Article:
Lucky Numbers

The best time to sample the Hue dishes at Le Bambou is during the weekend, after 2:00 p.m., when they serve a series of Hue dishes, including royal pancake, hot and spicy shrimp soup, hot and spicy Hue stew, and others (all cost $5.50). Rounding out my hit parade were a couple of "fresh rice cake" dishes (58 and 59) made by filling flat rice-paper noodles and steaming them until they are soft and yielding. They are delicate as clouds, paired with shredded mint and blanched bean sprouts, and dipped in the sweet vinegar sauce (nuoc nem) that accompanies most Vietnamese salads.

I didn't venture too far into the American half of the menu--which is available only until 2:00 p.m. But I was there one afternoon at 1:30 when they cut off the flow of roast beef, and one regular nearly caused her head to explode, so great was her outrage. I did try a patty melt ($5.50), which was very good. A chocolate malt ($2.80) was particularly creamy, and an appetizer plate of fried chicken and French fries (canh ga chien, $5.50) was all it should be.

Throw in some bowls of Jell-O ($1 for a small one, $1.25 for a large portion), a hot fudge sundae ($2.80), French toast, or a couple of grilled cheeses and you know what you've got? One of the only restaurants I know of where food-fearing kids and foodie parents can both dine happily, and cheaply. Somewhere among City Pages' public there's a barbecue- and Vietnamese-food-loving parent looking for somewhere to take a kid for weekend lunches, and Le Bambou is going to change their lives forever. If you're that person: your lucky numbers are 1, 45, 46, 53, 58, 59, and, on weekends, 66 through 70.

TABLEHOPPING:

NOT A NECTARINE: I was lounging around a bar one snowy evening a few weeks ago when several of my bosses suggested that what would be more interesting than ordinary columns would be answering reader mail. Of course, being no-good and lazy, I immediately saw the advantage of this approach: You, gentle reader, would be required to compose a portion of my column, for which you would receive no money. Nada. Not a nickel, not a nectarine.

Of course, it might be difficult for you to imagine how this might go. So I've provided some examples:

Q:Dear Dara: I was at Paddy O'Murphy's Irish Ire-stravaganza! with my three-legged girlfriend the other day, and let no one ever say she doesn't dance the prettiest jig in all the land, although some have pointed out quite rightly the trail she traces is somewhat circular. Now, my mother, known throughout suburban Cleveland for her acuity with needlepoint and steamfitting, my mother often said that fisheyes in your Guinness are like spit in the eye. And my beer did have fisheyes, those telltale pockmarks that signal the end of the keg. Should I have said something?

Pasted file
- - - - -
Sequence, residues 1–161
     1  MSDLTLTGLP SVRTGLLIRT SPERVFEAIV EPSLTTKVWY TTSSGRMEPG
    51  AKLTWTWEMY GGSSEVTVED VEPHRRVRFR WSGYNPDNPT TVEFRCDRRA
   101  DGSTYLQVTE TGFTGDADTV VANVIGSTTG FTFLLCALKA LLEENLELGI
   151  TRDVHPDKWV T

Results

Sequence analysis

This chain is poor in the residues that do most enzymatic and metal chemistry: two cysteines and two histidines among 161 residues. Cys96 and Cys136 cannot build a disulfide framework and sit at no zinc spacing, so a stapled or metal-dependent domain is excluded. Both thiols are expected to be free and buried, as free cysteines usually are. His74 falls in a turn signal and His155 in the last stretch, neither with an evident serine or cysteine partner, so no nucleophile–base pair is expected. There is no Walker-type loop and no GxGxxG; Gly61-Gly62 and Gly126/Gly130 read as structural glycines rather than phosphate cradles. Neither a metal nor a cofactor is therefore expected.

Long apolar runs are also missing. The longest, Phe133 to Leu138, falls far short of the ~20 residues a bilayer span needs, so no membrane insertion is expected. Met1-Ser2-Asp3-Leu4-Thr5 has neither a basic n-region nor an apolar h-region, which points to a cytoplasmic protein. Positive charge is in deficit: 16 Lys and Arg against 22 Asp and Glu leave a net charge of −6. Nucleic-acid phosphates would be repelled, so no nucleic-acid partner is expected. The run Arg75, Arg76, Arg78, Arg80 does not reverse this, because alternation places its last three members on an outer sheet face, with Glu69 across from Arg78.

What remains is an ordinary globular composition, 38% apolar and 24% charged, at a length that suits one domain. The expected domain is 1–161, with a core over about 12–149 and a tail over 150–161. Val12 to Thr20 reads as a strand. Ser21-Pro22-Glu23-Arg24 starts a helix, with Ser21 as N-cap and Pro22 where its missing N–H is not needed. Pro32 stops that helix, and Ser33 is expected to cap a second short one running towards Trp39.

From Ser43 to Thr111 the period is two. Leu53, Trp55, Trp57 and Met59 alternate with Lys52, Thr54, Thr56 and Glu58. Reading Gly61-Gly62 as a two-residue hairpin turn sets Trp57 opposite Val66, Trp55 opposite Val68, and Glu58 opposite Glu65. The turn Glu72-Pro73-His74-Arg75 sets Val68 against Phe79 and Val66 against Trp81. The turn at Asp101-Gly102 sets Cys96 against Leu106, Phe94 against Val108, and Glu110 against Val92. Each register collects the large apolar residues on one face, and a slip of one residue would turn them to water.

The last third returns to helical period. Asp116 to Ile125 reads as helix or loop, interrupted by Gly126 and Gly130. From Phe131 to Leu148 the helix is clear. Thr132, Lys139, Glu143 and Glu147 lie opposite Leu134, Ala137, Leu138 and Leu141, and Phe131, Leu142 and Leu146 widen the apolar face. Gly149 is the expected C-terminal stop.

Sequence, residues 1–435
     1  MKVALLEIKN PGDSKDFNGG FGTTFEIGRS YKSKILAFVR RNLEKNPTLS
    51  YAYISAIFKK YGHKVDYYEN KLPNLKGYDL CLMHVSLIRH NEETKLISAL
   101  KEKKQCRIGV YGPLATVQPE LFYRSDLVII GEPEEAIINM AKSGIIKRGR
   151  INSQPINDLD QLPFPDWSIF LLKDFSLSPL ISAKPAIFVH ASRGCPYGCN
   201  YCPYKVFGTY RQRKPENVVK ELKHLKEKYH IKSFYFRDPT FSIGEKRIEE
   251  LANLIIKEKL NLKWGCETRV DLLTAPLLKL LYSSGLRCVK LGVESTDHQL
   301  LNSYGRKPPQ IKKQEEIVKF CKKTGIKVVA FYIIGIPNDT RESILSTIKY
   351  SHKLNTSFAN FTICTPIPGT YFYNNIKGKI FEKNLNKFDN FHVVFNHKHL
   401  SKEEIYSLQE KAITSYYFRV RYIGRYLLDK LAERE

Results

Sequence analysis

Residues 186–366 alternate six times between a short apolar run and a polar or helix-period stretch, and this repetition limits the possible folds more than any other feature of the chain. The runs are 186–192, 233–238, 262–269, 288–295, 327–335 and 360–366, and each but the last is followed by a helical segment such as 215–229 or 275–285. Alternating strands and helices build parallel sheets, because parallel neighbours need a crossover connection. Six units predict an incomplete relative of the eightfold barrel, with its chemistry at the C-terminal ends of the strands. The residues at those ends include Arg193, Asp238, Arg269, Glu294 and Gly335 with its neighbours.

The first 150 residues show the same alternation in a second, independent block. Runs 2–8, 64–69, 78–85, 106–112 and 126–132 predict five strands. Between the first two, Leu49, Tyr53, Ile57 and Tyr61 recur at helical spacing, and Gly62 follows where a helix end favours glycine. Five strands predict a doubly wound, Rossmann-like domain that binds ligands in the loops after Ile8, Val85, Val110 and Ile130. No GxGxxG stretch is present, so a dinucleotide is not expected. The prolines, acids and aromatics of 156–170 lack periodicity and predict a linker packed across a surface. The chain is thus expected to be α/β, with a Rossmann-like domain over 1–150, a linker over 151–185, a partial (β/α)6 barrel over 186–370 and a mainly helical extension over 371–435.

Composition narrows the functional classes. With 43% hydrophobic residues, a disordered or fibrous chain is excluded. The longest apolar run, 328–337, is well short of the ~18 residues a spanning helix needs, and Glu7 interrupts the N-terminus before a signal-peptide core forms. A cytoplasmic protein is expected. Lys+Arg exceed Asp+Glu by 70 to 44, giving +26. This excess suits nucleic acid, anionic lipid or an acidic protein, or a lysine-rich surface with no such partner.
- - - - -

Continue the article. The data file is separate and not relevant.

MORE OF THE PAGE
A: Probably.

Q: Dear Dara: I've long been a fan of the British dessert trifle and have long wondered: How did you get to be so smart?

A: Oh, pshaw, you shouldn't.

 

Send questions to Dara Moskowitz, Countess of Cornichons, City Pages, 401 N. Third St., Suite 550, Minneapolis, MN 55401, or to dmoskowitz@citypages.com.

 

DARA'S POSITION PAPER: Everyone seems to be weighing in on whether Minnesota grocery stores should be allowed to sell wine. But no one ever asks, "What does Dara think?" Well, Dara thinks the following: Hell yeah, grocery stores should sell wine! Why? Because it is a pain in the neck to go driving all over the place when you're trying to put dinner together.

But what about all the little vulnerable liquor stores? Let them sell groceries! Let them stay open as late as they want! Let them sell liquor on whatever day of the week they like--even Sundays! Free the liquor stores from the shackles of repression. I was in a liquor store once where they used to sell individual limes by the cash register, and I asked them where the limes were, and they said they had been forbidden to sell limes, under peril of losing their license, because limes were groceries. I ask you: Are we not men? If you prick us, do we not want some lime in our gin and tonics? And if you say to me, "What about the teenagers?" I will mock you. Look, teenagers don't need chardonnay to get their jollies. They've got a whole world of more attractive options, like beer, wine coolers, mouthwash, cough syrup, and putting their hands over their nose and spinning in circles. Trying to keep teenagers sober has nothing to do with cabernet sauvignon, gewürztraminer, or even zinfandel. Though it might have something to do with E&J Gallo's Wild Vines Blackberry Merlot, so feel free to ban that from grocery stores, liquor stores, opium dens, and the general discourse.

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